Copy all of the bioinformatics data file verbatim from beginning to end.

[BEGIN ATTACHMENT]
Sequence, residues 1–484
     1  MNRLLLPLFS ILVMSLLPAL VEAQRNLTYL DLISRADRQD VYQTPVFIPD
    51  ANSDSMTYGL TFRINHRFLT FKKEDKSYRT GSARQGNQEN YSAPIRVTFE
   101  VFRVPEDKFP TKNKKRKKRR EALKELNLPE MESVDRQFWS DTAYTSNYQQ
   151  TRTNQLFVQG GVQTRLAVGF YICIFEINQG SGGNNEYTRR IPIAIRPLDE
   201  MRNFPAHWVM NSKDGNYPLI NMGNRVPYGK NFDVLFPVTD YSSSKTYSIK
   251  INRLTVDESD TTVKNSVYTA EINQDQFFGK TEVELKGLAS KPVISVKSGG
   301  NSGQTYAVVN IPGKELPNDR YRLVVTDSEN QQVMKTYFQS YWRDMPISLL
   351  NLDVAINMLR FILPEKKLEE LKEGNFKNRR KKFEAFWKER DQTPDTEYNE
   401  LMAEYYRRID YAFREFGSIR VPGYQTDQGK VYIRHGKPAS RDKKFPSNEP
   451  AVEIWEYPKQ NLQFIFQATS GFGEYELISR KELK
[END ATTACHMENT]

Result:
Sequence, residues 1–484
     1  MNRLLLPLFS ILVMSLLPAL VEAQRNLTYL DLISRADRQD VYQTPVFIPD
    51  ANSDSMTYGL TFRINHRFLT FKKEDKSYRT GSARQGNQEN YSAPIRVTFE
   101  VFRVPEDKFP TKNKKRKKRR EALKELNLPE MESVDRQFWS DTAYTSNYQQ
   151  TRTNQLFVQG GVQTRLAVGF YICIFEINQG SGGNNEYTRR IPIAIRPLDE
   201  MRNFPAHWVM NSKDGNYPLI NMGNRVPYGK NFDVLFPVTD YSSSKTYSIK
   251  INRLTVDESD TTVKNSVYTA EINQDQFFGK TEVELKGLAS KPVISVKSGG
   301  NSGQTYAVVN IPGKELPNDR YRLVVTDSEN QQVMKTYFQS YWRDMPISLL
   351  NLDVAINMLR FILPEKKLEE LKEGNFKNRR KKFEAFWKER DQTPDTEYNE
   401  LMAEYYRRID YAFREFGSIR VPGYQTDQGK VYIRHGKPAS RDKKFPSNEP
   451  AVEIWEYPKQ NLQFIFQATS GFGEYELISR KELK